Mil-Std-1553, the 30-year-old bus standard that gave rise to "plug and play" digital avionics, is taken for granted today. But its advent was a major milestone. Before the standard, avionics was largely analog, and signals were transmitted over dedicated wires. Aircraft harnesses featured thousands of point-to-point connections. It’s hard to imagine how complex and tricky avionics data communication was at that time.
Erwin (Erv) Gangl appreciated the complexity and made a major contribution to remedy it. In an interview with Avionics Magazine, Gangl, whom many consider to be the father of Mil-Std-1553, explains how revolutionary the idea seemed at the time and how hard it was to convince early customers of its benefits. It took enormous persistence to achieve acceptance by the three services, leading to the first tri-service version of the standard, Mil-Std-1553A.
Erv worked for the U.S. Air Force from 1964 to 1988, retiring as chief avionics engineer, strategic systems, Wright-Patterson AFB, Ohio. He now serves as the director and manager of the Dayton, Ohio, office of CACI Technologies Inc., a unit of the information technology and network solutions firm, CACI International.
Avionics Magazine: How did you come up with the concept that eventually led to Mil-Std-1553?
Gangl: I was working on an F-111 avionics upgrade in the late ’60s. The F-111 had digital computers, but the avionics subsystems were analog. There was a huge A/D [analog-to-digital converter] box that brought in analog signals from the sensors all over the aircraft, sampled them, converted them to digital and passed them on to the computers. The upgrade modifications added hardware, which required a significant A/D converter redesign to handle the extra analog signals. I felt there had to be a better way of integrating avionics and making the design more modular for ease of updating.
I recalled programming IBM mainframes in college. Peripheral devices were linked to the mainframe computer on a digital bus, and devices were selected by using addressing techniques. I asked myself, why wasn’t this possible in an avionics system? It would require putting the A/D converters at the signal source, in the radar and navigation black boxes, and interconnecting them via a digital parallel data bus, using addressing to discriminate between them. At that time my ideas were still too immature to be credible and therefore were not taken seriously.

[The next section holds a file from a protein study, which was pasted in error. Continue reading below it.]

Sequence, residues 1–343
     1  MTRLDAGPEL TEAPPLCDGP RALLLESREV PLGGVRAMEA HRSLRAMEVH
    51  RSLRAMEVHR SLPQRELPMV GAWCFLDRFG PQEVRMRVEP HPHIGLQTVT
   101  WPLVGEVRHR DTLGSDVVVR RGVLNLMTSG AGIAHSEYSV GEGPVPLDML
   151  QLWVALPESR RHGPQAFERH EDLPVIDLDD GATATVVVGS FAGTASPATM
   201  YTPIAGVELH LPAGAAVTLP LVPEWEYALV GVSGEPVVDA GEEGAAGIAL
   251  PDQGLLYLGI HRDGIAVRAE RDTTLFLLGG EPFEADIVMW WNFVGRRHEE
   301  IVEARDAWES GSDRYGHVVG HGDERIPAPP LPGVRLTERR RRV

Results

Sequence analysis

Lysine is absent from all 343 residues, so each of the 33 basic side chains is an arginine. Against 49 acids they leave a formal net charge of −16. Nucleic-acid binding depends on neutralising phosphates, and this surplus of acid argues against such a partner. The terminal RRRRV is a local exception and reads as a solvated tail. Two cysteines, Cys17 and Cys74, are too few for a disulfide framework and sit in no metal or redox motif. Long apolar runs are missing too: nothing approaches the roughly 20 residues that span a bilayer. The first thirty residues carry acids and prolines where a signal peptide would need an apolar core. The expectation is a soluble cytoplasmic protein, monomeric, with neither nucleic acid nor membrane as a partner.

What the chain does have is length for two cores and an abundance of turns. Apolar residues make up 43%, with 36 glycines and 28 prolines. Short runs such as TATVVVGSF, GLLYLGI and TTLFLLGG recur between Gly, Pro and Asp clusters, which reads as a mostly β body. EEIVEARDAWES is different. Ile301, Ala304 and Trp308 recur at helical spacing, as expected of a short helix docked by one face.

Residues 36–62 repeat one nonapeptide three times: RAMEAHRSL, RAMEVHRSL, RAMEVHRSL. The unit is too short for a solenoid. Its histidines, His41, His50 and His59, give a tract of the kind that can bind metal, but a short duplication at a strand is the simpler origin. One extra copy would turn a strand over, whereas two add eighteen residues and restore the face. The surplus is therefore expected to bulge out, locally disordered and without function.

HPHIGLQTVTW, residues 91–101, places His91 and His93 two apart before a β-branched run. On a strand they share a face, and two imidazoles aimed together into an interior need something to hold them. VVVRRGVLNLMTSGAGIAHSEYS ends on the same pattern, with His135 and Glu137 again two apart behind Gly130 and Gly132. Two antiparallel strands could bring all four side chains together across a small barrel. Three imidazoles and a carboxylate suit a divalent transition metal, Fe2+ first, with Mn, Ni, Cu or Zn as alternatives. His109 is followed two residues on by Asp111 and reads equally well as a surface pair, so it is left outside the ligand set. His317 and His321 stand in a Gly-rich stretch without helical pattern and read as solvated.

Avionics Magazine: How did the idea finally catch on?
Gangl: After leaving the F-111 office in the late 1960s, I was assigned to the F-15 program office. I was the engineer responsible for the central computer and the A/D converters. As a young engineer, I approached the lead avionic engineer and told him I would like to try using a digital data bus for integrating the avionics. But he brushed me off because the concept was viewed as high-risk and unproven. They wanted to stay with tried-and-true analog integration, what contractors had always bid before.
When the initial F-15 design was found to exceed the required gross takeoff weight, hardware and functionality were trimmed as much as possible. But there was still a need to reduce the weight a couple hundred pounds more. So the lead engineer grabbed me and asked whether my idea of time-sharing wires would reduce the weight in cabling. I said, "definitely!" There would be weight savings due to fewer wires, fewer connectors, etc.
So the government gave the three program bidders the opportunity to come up with proposals and demonstrations based on the concept of a 1 MHz, multiplexed bus that I described to them. All three companies built some proof-of-concept demo hardware. One couldn’t get it to work, one got it to work but it was cumbersome, and one [the former McDonnell Douglas] took a simple approach and made it work. Luckily for me, they won the F-15 contract and we were on our way. The designation of McDonnell Douglas’ multiplex data bus spec was H-009. The F-15 design thereafter became known as the "HOO-9" bus. The F-15 was the first application of my digital bus idea and the forerunner of 1553. [It was also the first implementation of a multiplexed digital avionics data bus.]